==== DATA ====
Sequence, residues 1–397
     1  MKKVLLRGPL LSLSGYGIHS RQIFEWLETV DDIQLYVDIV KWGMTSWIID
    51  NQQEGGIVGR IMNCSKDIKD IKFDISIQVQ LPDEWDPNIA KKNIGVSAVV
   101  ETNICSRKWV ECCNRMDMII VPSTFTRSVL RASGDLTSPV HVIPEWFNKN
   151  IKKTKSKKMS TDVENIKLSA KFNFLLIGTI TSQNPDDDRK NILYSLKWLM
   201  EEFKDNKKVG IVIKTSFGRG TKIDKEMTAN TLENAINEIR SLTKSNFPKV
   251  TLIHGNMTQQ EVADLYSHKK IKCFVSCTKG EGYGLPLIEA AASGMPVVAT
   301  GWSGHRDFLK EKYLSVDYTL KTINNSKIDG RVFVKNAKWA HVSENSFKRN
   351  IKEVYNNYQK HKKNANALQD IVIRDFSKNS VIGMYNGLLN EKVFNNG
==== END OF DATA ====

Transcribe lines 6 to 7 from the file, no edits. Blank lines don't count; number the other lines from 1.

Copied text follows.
   201  EEFKDNKKVG IVIKTSFGRG TKIDKEMTAN TLENAINEIR SLTKSNFPKV
   251  TLIHGNMTQQ EVADLYSHKK IKCFVSCTKG EGYGLPLIEA AASGMPVVAT